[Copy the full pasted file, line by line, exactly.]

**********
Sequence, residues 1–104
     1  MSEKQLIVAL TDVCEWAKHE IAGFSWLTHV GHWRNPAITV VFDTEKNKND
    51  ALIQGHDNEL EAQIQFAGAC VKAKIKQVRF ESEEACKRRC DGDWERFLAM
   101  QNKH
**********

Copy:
Sequence, residues 1–104
     1  MSEKQLIVAL TDVCEWAKHE IAGFSWLTHV GHWRNPAITV VFDTEKNKND
    51  ALIQGHDNEL EAQIQFAGAC VKAKIKQVRF ESEEACKRRC DGDWERFLAM
   101  QNKH